Airlines are taking steps to stop people with swine flu getting on flights, it was confirmed today.
British Airways said there had been a “very small number of cases” where people displaying symptoms of H1N1 had been advised not to travel or check in following advice from medics.
And Virgin Atlantic said people suffering from the condition would not be allowed to fly without a ‘fit to fly’ certificate from their doctor or a hospital, though there had been no cases yet.
It said those without the certificate will be able to fly later, at the airline's cost.
Aer Lingus said its policy is that anyone who appears to be unwell either at check-in, boarding or on the aircraft is seen by a medical officer while Ryanair said if a person has been told they have swine flu, then they should follow their doctor's advice and not travel.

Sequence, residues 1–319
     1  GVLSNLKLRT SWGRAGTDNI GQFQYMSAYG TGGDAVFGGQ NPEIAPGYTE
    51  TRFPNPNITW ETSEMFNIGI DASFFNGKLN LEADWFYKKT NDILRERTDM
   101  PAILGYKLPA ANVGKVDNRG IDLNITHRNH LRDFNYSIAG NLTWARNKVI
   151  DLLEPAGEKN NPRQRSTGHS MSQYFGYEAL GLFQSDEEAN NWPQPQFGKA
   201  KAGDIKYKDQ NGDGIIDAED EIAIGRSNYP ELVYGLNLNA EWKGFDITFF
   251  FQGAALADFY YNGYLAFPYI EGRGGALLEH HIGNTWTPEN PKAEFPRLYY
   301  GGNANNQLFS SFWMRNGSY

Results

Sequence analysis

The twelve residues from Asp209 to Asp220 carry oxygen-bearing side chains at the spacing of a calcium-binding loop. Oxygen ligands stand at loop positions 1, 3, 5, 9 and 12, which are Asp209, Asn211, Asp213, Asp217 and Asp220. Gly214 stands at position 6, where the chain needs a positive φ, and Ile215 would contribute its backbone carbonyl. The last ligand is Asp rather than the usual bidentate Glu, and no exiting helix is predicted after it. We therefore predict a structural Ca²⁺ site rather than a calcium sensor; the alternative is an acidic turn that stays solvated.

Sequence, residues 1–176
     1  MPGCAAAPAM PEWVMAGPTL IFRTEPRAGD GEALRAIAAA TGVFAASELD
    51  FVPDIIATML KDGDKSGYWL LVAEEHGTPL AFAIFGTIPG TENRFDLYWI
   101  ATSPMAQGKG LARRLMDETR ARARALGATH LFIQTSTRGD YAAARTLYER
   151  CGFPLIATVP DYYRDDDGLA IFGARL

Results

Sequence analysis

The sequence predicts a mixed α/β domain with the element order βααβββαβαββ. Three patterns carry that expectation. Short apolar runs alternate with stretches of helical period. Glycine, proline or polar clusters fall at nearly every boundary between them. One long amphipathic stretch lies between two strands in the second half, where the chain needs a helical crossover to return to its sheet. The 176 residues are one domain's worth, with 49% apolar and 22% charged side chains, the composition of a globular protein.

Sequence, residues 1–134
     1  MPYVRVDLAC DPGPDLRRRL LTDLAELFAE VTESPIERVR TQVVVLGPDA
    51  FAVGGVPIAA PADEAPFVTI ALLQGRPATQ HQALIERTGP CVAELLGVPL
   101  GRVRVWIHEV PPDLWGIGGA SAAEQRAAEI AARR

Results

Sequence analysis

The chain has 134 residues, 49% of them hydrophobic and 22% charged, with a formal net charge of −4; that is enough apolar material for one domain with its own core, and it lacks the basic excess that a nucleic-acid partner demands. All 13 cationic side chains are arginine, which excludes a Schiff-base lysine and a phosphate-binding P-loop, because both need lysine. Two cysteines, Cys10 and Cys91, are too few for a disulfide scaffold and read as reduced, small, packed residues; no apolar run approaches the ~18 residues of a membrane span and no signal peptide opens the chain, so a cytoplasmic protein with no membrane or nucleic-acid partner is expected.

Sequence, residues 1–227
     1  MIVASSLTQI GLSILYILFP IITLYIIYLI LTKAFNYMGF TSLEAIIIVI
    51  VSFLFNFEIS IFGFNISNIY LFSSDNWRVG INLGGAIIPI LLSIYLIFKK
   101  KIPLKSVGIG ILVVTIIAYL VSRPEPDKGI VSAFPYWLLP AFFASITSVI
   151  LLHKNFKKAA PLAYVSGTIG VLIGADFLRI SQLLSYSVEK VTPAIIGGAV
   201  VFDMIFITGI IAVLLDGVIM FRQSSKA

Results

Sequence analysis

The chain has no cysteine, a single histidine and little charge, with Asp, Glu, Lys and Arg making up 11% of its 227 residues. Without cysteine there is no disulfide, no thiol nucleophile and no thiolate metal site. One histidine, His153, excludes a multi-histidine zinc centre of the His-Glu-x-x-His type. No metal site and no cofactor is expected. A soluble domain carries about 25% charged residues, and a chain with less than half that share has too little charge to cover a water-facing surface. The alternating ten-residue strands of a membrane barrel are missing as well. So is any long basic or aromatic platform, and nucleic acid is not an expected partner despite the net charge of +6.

The Department of Health has advised people with the virus to delay journeys until symptoms had gone.
And if they catch swine flu — symptoms of which are a high temperature as well as two or more of a list including headache, sore throat, runny nose and aching muscles — while abroad, they should not travel home until recovered.